The Fresh Hell of Photoshop Express
I am a quasi serious amateur photographer, and when Apple abandoned Aperture (a quite good photo management application and ecosystem) I bolted for Lightroom. Ultimately, I ended up with the "Photographer's Bundle" which is the Creative Cloud version of Photoshop and Lightroom.
Pros: It is convenient, and the cloud based storage makes it trivial to share and use with my iPad and other devices. It is quite powerful - both Lightroom having usable editing and effects, and the full monty version of Photoshop. Because sometimes you really need the power of Photoshop.
Cons: It is an annual subscription, and it isn't cheap. But it is in the realm of reasonable. It limits you to the full install on just two computers. I have many computers, so I have to juggle where and what is activated. Annoying, but c'est la vie.
Enter Photoshop Express.
What PE used to be
It used to be a feature reduced version of the full magilla, Photoshop. There were some esoteric features that weren't included. But, sold as an $80 application, it worked well for most people. Me included. If you needed to resize an image, or add an overlay, or do some simple fixing of sensor dust, it was the bomb. It was called "Photoshop Elements"
That said, in the era of devices, cell phone cameras, and just tarting up images to post to social media, Adobe has decided to make Photoshop Express available for free (as in beer). It has filters, some effects, the ability to crop, and to straighten images.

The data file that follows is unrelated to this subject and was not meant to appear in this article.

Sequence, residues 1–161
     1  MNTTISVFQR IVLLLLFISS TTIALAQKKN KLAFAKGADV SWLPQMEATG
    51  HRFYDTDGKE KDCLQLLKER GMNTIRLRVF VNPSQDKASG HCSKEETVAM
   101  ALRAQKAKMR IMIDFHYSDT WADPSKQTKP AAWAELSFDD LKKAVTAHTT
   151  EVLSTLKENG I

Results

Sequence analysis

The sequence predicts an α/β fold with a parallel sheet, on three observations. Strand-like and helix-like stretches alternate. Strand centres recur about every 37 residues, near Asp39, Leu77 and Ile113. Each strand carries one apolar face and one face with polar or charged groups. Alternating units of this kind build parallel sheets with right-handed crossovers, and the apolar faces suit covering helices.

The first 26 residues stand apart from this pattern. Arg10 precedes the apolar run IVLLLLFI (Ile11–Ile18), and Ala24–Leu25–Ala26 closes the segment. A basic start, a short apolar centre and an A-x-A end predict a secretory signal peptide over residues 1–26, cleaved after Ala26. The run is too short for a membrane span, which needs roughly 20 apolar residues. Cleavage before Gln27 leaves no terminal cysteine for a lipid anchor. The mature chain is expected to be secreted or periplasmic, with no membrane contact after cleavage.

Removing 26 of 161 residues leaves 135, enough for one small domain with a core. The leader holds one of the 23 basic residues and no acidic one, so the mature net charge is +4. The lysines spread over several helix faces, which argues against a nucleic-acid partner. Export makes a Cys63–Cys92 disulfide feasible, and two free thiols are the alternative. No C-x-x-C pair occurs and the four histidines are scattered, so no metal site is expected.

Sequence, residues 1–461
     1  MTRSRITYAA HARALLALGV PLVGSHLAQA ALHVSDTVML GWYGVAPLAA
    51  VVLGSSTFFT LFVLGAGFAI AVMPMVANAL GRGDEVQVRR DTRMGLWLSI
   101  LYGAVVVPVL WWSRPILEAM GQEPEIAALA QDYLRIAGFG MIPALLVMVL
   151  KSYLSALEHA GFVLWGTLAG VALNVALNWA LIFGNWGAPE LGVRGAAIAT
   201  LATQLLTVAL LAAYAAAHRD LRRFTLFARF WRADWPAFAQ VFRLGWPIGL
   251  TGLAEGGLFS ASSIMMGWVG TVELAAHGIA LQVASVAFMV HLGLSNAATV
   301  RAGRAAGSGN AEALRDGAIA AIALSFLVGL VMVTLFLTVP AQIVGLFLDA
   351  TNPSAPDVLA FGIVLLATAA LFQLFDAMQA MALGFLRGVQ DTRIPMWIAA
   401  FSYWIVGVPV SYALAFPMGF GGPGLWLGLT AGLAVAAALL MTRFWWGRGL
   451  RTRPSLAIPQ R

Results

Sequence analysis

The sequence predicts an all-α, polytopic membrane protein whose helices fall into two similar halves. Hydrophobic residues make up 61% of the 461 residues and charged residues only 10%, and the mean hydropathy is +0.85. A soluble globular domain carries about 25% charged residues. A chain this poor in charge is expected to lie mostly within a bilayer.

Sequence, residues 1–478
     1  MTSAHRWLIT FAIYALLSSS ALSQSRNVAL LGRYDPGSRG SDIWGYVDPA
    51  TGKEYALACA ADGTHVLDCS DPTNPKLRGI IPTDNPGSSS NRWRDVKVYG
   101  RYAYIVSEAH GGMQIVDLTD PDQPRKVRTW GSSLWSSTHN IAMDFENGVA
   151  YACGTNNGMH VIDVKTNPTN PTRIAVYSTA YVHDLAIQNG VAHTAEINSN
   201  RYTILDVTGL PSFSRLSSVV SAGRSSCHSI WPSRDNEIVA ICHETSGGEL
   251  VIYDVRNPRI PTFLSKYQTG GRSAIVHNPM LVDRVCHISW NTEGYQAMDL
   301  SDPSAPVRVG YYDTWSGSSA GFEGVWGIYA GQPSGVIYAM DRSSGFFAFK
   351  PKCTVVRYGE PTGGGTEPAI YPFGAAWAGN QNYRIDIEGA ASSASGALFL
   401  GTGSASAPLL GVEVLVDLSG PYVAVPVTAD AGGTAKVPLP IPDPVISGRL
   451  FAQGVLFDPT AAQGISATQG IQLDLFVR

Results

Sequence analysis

But these are all things you can already do if you have a half decent cellphone camera.
I have a PC, and I haven't installed one of my dearest PS licenses on. I had a couple images for this blog that I needed to reduce from the 4K resolution to something more web friendly. Like 1200 x 600. I thought what the fuck, I will just push the button and install Photoshop Express. I am sure I can mung the image size. That is a pretty standard request, right?
BZZZT - wrong answer.
Alas, there is no image or canvas resizing capability. Sure, the MS Paint program can do it but srsly, who the fuck ever uses that pile of dogshit?
I don't hold animosity towards Adobe. They are a business, and their products are pretty awesome. A bit overkill for many people, but still solid.
But targeting the garden variety of phone photographer and their level of (non) sophistication while it makes sense, means that even modestly skilled people are cut off.
I get it, the software is free. Free as in Beer. And that is a good thing. Hell, Adobe Bridge is also free as in beer, and it is a kick ass little program that can do a lot for any photographer's workflow.